Christopher Gray, Inspiration and Friend
In Christopher Gray, who died last week aged 66, New York City has lost one of its most thoughtful and passionate chroniclers, and the Library has lost a longstanding friend and trustee.
A member since the 1980s, Mr. Gray became the eminently qualified founding chair of our New York City Book Awards jury in 1995 and served on the jury off and on for a decade. In 2003 his collection New York Streetscapes: Tales of Manhattan’s Significant Buildings and Landmarks (co-authored by Suzanne Braley) was honored with the awards' Special Citation of Merit. He returned to the lectern in 2009 to contextualize and present that season's sole book award, to Gail Fenske's The Skyscraper and the City.
Mr. Gray joined the Board of Trustees in 1998 and that same year gave us the article 'The John S. Rogers House: A Brief Literature Search,' answering frequently asked questions about the Library's building and bringing to light details that a less invested researcher would miss. A favorite: How many people lived in the Library before it was the Library? Seventeen: seven family members plus ten servants. Another article he shared, 'A Guide to Researching the History of a New York City Building,' is one of the most-referenced resources on our website.
Although he stepped down from the Board in 2005, Mr. Gray appeared frequently at the Library to do research, speak at events, and make suggestions. Many who were here for our 250th Anniversary season in 2004 will recall his good-humored and well-informed party turn as George Washington, giving tours of the building and talking about the Library's relationship to early American history. His remarks from the anniversary's launch can be read here. Mr. Gray's donation provided a kickstart to the conservation of our first charging ledger and the history resource now called City Readers.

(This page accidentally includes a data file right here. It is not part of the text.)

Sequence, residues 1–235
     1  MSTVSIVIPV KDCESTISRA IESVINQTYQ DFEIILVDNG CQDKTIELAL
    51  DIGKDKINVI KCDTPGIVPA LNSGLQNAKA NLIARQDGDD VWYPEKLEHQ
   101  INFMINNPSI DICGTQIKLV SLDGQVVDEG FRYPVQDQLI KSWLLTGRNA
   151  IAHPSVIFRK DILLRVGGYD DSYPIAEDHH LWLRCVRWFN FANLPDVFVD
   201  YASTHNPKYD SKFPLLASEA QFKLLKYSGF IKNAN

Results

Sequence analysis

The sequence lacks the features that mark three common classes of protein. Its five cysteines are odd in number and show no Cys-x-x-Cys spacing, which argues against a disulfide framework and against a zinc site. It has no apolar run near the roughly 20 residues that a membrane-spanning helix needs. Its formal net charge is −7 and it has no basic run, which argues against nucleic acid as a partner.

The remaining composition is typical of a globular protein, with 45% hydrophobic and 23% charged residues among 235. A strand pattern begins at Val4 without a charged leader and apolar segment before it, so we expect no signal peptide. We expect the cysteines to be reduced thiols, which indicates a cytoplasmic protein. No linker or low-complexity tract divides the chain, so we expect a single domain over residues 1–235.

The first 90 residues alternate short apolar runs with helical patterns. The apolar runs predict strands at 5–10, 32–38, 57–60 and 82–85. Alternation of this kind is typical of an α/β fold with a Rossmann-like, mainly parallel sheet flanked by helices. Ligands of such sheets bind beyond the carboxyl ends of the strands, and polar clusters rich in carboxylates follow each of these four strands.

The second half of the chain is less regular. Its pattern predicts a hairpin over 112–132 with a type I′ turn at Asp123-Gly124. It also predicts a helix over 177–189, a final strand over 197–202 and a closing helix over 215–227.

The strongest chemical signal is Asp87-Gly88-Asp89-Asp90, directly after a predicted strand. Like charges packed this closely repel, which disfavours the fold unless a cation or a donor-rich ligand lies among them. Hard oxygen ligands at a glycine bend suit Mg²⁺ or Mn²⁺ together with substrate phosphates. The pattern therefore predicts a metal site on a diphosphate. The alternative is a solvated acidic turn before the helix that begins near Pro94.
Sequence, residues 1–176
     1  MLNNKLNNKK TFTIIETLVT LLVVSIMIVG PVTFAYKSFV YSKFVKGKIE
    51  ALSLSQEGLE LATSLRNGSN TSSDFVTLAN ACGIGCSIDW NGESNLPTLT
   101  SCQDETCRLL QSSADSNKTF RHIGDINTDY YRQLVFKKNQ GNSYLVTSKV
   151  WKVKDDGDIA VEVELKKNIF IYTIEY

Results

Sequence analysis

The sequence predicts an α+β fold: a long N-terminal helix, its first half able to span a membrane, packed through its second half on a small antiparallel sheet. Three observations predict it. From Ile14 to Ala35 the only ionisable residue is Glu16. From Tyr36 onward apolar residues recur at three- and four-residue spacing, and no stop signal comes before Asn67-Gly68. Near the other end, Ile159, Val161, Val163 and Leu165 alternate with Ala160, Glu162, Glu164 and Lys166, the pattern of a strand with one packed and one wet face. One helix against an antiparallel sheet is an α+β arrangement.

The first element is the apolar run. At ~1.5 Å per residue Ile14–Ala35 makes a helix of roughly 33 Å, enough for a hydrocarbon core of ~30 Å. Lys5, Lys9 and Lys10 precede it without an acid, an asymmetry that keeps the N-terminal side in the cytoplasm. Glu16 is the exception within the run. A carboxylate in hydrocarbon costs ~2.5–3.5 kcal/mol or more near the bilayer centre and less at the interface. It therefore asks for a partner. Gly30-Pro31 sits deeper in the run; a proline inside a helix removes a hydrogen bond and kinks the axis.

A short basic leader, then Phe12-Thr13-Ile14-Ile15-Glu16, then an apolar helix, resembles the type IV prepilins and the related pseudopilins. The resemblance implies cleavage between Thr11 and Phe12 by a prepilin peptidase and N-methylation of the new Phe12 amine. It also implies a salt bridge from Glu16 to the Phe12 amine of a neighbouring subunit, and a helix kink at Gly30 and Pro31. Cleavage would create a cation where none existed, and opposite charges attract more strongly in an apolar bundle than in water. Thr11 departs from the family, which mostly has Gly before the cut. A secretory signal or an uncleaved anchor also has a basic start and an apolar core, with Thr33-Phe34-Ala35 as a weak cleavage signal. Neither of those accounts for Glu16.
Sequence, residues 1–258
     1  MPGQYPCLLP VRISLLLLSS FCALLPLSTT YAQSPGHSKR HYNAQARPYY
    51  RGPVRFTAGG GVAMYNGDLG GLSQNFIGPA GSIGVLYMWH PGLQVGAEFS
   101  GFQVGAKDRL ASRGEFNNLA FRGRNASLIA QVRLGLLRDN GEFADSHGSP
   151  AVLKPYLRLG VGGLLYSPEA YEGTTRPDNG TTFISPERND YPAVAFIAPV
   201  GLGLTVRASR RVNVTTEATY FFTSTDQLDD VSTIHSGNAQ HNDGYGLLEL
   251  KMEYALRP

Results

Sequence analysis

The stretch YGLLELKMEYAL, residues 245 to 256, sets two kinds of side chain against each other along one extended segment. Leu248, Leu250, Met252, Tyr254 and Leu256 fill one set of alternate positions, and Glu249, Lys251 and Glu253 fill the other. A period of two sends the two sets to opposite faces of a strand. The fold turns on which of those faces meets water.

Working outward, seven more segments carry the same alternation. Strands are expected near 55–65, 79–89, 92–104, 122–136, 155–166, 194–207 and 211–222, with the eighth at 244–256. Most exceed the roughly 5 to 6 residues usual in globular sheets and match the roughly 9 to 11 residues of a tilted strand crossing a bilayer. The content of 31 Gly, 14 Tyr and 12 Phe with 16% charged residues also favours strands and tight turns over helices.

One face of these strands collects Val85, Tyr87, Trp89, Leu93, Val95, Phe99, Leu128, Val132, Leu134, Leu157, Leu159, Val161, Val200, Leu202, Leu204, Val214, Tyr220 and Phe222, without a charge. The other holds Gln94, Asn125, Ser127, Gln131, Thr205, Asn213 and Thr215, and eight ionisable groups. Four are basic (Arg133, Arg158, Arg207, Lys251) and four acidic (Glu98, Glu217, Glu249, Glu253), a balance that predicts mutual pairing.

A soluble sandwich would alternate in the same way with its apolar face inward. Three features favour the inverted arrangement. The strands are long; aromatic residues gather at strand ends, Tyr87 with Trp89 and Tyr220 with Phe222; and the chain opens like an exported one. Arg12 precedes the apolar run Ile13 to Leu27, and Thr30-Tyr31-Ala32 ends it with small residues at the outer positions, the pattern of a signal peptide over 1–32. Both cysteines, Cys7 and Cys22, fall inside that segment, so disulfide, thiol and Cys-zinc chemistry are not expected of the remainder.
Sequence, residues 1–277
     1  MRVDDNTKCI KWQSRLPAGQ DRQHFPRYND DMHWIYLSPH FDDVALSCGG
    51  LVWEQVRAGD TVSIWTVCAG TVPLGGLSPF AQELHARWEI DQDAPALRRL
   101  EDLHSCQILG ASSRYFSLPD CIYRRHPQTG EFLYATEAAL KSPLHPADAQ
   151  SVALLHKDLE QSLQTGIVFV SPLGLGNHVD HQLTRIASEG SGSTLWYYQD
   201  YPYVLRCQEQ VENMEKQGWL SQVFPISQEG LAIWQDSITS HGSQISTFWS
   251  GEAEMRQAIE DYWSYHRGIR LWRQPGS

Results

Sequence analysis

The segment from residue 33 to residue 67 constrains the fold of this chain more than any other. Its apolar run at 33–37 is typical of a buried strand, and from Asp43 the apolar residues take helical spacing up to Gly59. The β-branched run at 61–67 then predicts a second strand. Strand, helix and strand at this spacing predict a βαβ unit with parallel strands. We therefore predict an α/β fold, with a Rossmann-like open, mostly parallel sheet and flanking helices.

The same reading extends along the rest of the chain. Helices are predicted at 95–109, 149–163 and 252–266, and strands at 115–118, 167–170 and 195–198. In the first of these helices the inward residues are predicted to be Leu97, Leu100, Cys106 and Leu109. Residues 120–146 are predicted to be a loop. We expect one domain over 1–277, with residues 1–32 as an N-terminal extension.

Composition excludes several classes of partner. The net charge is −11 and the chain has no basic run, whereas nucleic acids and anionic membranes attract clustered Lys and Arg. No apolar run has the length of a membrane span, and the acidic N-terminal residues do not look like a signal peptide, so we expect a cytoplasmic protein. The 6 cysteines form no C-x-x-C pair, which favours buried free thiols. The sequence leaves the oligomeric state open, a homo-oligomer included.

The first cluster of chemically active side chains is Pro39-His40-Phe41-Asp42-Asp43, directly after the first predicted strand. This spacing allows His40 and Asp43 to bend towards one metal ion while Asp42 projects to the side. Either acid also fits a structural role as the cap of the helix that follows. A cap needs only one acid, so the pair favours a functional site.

His most visible legacy here involves the beautiful skylight above the main staircase. I remember one event night in my early days when Christopher, standing in the Members' Room doorway, delivered the astounding news that that blank white ceiling beside us actually hid an architectural treasure. Former Head Librarian Mark Bartlett adds, "It was Christopher's wish that I see that the skylight was restored....And boy, was that man right." In 2010, the generosity of Assunta, Ignazio, Ada and Romano Peluso made possible the full excavation and rebuilding of the skylight, restoring the original intentions of the building's creators and improving it immensely for future generations.
Christopher Gray was a unique voice and presence. New Yorkers and readers everywhere will continue to value his insightful writings. We at the Library are fortunate to have known him.